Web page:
Learning and sharing on the side of a Mountain

During my first year of teaching skiing (1988) I rode up the lift with a gentleman around the age of 60. I was skiing at Bear Mountain (formerly Goldmine) in Southern California. It was 7 minutes of my life that could have just as well been a dream. He said to me:
“Do you enjoy what your are doing?” Yes, I love it.
“Are you any good at skiing?” I’m ok, but getting better.
“Do you get paid well doing it?” $5.50/hr… so not really.

He then said, “The last question is the least important question at this time in your life. You will have plenty of time to earn money, if that is what you choose.” “I have spent my entire life earning money. And I have done well growing and selling a few businesses. But you know what I will never have back? The time to get ‘really good’ at some activities that I love doing. That window has closed for me. But it doesn’t stop me from trying :)” We laughed, and then shortly thereafter unloaded the chair. He left me with a hearty, “Enjoy yourself Jonathan.”

I taught and worked in guest services at Bear Mtn for a few more years during winter breaks and winter weekends. Graduated College and then sold a business I had grown during college. The sale of that business financed my move to Colorado, and helped subsidize a few years. I had a list of goals and Breckenridge met most of them. The top of my list: Excellent training staff, many students to teach, and property to buy.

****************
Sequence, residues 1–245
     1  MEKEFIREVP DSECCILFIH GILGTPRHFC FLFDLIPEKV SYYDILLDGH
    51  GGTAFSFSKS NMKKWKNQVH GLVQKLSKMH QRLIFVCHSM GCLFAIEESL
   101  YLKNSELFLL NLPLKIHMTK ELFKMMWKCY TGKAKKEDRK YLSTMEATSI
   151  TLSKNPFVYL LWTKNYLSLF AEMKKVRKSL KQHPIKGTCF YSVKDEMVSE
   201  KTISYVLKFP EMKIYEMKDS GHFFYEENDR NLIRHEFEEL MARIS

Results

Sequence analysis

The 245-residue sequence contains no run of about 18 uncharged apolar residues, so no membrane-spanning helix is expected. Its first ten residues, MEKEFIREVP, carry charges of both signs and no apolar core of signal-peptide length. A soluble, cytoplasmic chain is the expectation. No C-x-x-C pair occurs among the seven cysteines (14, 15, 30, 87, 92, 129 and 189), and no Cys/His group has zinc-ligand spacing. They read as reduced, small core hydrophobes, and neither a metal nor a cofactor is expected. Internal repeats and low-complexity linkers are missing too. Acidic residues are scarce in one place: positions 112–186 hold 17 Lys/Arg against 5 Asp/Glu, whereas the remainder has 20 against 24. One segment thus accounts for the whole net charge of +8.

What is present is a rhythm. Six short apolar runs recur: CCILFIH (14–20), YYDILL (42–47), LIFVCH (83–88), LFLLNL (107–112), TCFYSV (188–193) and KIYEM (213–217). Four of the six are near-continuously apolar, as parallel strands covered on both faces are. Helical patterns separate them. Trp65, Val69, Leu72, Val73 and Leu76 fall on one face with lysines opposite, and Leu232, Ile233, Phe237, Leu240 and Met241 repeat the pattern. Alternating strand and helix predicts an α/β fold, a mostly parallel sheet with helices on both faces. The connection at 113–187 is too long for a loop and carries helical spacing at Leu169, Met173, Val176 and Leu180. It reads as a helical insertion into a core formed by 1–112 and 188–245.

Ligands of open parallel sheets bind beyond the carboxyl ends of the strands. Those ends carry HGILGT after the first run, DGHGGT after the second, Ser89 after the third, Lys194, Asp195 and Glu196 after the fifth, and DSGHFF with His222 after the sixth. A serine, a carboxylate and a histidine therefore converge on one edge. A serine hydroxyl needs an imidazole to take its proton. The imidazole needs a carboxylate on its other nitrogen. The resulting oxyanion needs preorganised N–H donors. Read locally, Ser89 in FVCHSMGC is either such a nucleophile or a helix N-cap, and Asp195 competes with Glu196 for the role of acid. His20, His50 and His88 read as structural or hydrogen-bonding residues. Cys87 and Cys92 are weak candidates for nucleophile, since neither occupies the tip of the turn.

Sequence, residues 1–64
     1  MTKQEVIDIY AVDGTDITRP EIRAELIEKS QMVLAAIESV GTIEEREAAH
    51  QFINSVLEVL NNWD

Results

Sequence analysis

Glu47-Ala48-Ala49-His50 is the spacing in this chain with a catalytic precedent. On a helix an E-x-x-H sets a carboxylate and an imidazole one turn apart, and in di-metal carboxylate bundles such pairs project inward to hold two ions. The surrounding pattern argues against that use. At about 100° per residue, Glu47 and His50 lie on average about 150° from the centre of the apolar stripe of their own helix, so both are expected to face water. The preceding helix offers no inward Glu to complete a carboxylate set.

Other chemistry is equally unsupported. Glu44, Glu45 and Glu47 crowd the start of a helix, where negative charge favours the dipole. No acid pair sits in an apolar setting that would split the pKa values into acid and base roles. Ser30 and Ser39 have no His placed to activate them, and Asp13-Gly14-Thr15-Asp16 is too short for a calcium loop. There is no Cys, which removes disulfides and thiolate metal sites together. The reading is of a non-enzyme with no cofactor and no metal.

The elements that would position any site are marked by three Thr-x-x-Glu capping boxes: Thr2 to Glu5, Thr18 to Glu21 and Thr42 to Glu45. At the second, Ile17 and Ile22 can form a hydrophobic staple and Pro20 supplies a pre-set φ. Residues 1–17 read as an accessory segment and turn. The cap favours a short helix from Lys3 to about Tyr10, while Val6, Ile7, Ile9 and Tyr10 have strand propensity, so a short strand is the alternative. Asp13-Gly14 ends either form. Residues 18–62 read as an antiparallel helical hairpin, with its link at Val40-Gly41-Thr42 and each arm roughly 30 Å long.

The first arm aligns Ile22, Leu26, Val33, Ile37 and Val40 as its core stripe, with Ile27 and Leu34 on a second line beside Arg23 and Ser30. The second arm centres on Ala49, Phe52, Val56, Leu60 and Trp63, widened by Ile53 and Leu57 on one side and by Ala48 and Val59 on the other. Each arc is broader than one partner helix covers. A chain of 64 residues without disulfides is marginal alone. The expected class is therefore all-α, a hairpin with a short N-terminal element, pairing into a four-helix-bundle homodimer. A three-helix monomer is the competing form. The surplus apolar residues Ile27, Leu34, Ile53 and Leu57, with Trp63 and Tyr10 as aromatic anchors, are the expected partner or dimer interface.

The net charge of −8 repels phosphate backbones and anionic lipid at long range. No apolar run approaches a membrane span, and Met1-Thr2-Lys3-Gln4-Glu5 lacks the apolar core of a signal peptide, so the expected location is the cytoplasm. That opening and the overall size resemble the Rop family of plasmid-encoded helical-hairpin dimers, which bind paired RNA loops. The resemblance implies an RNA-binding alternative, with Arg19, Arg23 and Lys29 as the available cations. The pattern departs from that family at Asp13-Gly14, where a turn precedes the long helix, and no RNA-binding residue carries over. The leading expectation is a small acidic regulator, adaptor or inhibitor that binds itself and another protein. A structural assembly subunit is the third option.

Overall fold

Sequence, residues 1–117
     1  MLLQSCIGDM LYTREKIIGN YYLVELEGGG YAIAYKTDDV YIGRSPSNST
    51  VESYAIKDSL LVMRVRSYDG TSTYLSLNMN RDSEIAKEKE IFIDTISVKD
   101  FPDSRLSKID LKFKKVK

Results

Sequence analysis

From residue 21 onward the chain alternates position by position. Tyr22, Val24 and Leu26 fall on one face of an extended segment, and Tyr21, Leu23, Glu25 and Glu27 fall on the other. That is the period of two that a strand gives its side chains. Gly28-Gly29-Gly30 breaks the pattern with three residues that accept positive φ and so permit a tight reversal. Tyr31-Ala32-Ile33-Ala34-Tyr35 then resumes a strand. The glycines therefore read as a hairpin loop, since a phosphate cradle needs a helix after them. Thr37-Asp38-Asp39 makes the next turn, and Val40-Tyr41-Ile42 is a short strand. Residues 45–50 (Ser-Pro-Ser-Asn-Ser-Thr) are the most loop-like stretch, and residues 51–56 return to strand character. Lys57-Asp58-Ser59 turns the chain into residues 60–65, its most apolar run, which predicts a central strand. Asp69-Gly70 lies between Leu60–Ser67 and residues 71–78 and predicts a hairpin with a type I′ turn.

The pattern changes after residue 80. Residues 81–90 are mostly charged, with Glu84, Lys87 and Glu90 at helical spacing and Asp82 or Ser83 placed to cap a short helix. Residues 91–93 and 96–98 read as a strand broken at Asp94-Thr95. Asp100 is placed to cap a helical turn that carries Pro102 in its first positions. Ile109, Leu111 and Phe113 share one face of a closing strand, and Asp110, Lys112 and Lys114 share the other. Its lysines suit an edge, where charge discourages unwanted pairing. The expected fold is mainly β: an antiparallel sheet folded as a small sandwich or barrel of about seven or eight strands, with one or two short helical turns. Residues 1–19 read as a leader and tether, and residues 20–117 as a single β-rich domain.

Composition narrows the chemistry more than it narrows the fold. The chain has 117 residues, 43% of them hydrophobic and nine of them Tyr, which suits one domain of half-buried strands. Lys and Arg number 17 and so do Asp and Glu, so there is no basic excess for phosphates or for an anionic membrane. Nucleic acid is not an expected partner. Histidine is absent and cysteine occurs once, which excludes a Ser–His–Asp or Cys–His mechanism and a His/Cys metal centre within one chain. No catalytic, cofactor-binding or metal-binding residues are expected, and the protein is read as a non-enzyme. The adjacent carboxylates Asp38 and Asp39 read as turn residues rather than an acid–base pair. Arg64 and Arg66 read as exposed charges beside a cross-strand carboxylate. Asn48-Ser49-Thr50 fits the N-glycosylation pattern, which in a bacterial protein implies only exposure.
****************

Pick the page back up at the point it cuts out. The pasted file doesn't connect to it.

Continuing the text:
The first year in Colorado I earned my PSIA Full Certification (Level 3). Within 4 years I had become a staff trainer, and by 1999 I earned my PSIA Accredited Trainer status (RMT). I did this for many reasons: Improve my teaching ability; teaching a greater variety lesson levels; and earning relatively high pay for a resort instructor.

I continue to do what I love, and I have taught nearly 20,000 hours of lessons and clinics. Sometimes I wonder what would have happened if I stayed in California, as I imagine my life would be radically different. But upon reflection I mostly appreciating the people I have met, and friends I have made. Primarily appreciating the things which I have learned and continue to share on the side of a mountain.

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